The Colorado Departments of Agriculture and Public Health and Environment, in collaboration with Tri-County Health Department, have confirmed that a miniature horse in Adams County tested positive for rabies. This is the second case of rabies in domestic livestock in Colorado this year; the first case was a mule in January in Eagle County. Before this year, the last equine rabies case in Colorado was documented in 2013. Shortly after the miniature horse was euthanized, a skunk acting strangely was found and euthanized on the premises and also tested positive. The cases highlight the need for prompt reporting and keeping vaccinations up-to-date, according to Colorado state veterinarian Maggie Baldwin.

Brazil’s water crisis could hamper exports

Brazil's worst water crisis in almost a century will impact river navigation and make transportation of goods more expensive in the world's largest exporter of commodities ranging from soybeans to coffee and sugar, Reuters reports. A reduction of water levels would potentially impact longer cargo journeys along the crucial Parana-Tiete system, although shorter trips may still be possible. Last year, almost 3.9 million tons of goods including soybeans and corn were moved on the Parana system.

Companies demonstrate high-tech tracking suite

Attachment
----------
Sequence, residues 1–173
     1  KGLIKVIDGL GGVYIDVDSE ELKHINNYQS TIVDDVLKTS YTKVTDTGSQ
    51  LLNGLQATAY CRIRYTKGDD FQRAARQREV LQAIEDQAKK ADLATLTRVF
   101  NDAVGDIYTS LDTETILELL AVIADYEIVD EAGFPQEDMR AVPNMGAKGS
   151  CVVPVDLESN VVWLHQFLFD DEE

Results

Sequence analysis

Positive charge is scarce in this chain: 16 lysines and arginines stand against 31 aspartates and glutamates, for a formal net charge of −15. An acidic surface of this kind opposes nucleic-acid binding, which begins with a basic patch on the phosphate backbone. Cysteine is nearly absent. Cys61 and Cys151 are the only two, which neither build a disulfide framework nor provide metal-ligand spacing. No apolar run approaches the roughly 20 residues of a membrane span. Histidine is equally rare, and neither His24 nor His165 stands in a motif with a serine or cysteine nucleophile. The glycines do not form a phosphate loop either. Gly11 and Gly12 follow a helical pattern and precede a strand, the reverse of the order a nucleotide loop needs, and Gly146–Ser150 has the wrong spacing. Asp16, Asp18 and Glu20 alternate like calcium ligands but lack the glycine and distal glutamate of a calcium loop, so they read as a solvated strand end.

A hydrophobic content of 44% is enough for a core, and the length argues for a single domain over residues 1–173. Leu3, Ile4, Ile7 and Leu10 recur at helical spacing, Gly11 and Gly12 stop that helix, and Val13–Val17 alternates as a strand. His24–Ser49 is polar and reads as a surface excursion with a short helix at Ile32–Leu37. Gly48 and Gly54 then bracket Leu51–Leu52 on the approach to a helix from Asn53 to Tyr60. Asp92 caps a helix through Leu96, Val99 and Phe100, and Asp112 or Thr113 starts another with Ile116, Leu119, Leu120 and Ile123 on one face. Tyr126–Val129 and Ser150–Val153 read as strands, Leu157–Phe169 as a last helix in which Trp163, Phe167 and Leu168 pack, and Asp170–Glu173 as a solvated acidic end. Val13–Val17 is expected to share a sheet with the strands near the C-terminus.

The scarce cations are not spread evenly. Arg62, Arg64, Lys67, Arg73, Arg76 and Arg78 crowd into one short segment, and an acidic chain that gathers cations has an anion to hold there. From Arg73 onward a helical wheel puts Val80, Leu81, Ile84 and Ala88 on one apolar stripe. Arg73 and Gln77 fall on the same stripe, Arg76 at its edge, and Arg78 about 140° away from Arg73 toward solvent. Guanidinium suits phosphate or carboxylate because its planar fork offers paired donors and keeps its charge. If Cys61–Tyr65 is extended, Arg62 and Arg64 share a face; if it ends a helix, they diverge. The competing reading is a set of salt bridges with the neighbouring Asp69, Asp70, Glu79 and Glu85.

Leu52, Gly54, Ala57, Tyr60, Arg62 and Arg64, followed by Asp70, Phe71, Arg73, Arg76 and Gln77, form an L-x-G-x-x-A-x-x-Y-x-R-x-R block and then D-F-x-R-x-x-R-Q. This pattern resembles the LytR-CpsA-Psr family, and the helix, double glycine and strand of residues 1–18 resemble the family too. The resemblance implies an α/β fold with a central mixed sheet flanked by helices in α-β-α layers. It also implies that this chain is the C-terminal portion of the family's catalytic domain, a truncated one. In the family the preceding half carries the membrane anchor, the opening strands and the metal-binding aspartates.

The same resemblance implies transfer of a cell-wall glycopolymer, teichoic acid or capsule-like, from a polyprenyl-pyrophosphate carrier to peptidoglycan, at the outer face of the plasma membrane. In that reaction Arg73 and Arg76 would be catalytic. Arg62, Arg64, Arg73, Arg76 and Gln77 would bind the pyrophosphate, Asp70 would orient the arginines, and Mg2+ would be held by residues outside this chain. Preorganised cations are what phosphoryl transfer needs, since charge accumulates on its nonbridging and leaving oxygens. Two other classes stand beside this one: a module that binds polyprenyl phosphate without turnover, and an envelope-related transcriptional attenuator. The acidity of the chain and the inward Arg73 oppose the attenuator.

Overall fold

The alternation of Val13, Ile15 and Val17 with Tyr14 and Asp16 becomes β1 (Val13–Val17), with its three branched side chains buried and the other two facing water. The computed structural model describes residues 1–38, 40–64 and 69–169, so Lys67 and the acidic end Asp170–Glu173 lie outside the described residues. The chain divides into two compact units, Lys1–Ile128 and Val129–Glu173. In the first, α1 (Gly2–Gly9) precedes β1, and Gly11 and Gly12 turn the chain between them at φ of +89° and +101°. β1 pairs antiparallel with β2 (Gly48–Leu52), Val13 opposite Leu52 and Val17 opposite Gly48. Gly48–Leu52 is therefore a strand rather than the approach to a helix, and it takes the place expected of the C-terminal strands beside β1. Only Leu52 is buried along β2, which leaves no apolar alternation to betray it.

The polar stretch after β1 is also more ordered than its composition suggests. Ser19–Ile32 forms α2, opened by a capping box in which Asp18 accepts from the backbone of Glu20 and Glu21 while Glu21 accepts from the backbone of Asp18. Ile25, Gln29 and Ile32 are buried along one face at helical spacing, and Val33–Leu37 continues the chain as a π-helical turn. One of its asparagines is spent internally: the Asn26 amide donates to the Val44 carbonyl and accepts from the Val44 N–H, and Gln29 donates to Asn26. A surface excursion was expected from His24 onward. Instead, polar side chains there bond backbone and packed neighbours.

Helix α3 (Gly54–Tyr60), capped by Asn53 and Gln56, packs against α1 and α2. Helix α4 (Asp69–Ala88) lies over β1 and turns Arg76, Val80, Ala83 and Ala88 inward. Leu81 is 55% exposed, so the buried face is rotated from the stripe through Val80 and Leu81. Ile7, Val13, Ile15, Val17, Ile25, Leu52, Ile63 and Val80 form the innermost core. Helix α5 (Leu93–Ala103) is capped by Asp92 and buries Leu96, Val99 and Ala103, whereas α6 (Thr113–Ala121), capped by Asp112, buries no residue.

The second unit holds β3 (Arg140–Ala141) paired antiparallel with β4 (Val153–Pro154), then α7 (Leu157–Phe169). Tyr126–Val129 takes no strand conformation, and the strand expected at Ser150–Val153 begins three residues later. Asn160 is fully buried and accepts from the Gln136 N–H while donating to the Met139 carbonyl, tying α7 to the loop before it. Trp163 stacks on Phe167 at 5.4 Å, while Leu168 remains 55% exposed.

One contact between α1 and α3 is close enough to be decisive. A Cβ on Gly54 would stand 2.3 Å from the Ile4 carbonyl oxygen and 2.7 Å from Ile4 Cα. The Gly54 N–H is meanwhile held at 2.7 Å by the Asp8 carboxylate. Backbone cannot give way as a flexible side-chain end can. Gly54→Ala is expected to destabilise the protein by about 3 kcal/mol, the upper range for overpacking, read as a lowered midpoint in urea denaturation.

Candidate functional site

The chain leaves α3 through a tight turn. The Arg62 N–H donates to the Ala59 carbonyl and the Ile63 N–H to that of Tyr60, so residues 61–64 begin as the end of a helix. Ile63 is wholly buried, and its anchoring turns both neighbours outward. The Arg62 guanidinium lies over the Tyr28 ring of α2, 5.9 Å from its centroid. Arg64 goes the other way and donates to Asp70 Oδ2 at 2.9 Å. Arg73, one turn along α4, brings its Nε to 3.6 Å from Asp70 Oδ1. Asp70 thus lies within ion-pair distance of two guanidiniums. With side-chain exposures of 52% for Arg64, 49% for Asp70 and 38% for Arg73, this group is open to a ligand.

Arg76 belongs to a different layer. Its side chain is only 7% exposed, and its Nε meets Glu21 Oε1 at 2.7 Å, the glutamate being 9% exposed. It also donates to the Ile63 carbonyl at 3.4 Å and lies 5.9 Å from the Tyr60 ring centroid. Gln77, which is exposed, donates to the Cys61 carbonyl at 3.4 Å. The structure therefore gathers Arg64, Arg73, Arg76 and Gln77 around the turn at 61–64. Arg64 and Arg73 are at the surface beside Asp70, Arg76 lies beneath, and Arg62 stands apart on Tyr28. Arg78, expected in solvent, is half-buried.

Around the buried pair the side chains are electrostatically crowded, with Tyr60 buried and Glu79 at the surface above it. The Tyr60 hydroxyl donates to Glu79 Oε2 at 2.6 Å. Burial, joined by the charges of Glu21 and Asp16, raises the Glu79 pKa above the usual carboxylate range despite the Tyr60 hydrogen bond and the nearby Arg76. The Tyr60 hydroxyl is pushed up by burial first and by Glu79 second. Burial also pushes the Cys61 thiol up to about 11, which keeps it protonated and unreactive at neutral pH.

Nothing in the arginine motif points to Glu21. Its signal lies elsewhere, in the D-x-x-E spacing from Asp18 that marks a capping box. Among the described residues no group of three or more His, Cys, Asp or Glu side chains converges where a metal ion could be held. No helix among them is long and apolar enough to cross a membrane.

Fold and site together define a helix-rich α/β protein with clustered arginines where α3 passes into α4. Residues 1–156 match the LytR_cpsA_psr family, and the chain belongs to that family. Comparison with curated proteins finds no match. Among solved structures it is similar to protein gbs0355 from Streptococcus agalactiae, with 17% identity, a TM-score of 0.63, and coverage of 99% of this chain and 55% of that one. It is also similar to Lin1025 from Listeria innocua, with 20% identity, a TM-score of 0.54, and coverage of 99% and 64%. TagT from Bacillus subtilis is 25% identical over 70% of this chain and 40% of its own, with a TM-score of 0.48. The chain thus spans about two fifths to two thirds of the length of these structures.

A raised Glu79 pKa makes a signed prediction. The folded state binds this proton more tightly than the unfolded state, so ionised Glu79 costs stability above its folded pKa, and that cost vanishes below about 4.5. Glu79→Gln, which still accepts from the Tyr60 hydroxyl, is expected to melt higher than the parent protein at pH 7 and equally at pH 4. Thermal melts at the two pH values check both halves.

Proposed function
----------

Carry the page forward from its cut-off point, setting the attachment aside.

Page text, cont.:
Fifth generation Nebraska ranchers Wilson Ranch and Flying Diamond Beef hosted a live event June 7 to launch a first-of-its-kind co-innovation project with technology companies CattlePass, Livestock Labs, Neogen and Sixgill. The collaboration creates what the companies call “the first suite of advanced technologies for tracking cattle as verified digital assets.” During the event, twenty head of Flying Diamond steers were implanted with a Bluetooth-enabled sensor for health tracking and immutable proof of life records. Imagery of each steer, including advanced computer vision models for facial recognition and analysis, were also demonstrated. CattlePass presented its traceability platform, which uses blockchain technology to create a repository for all of the related data.

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Corn leaders outline environment goals

Farmer-leaders in the National Corn Growers Association set five environmental national efficiency goals to further enhance corn production sustainability in the U.S. by 2030. Those goals are: increase land-use efficiency by 12 percent; increase irrigation water use efficiency by 15 percent; reduce soil erosion by 13 percent; increase energy use efficiency by 13 percent; and reduce greenhouse gas emissions by 13 percent. The goals were outlined as part of NCGA’s recently released U.S. Corn Sustainability Report.

Wyoming rancher to address UN group

Pat O’Toole, a Wyoming cattle and sheep rancher and hay grower, will represent the farmer constituency at a workshop to be staged June 15 by the United Nations Framework Convention on Climate Change. O’Toole, the long-term president of the Family Farm Alliance with a strong background in irrigated agriculture, will be the sole producer presenter offering farmer/rancher insight and recommendations in a special workshop on “sustainable land and water management, including integrated watershed management strategies, to ensure food security.” The workshop is being held at a UNFCCC intercessional meeting ahead of the next round of global climate talks in Glasgow, United Kingdom, in November.

Compiled by Candace Krebs.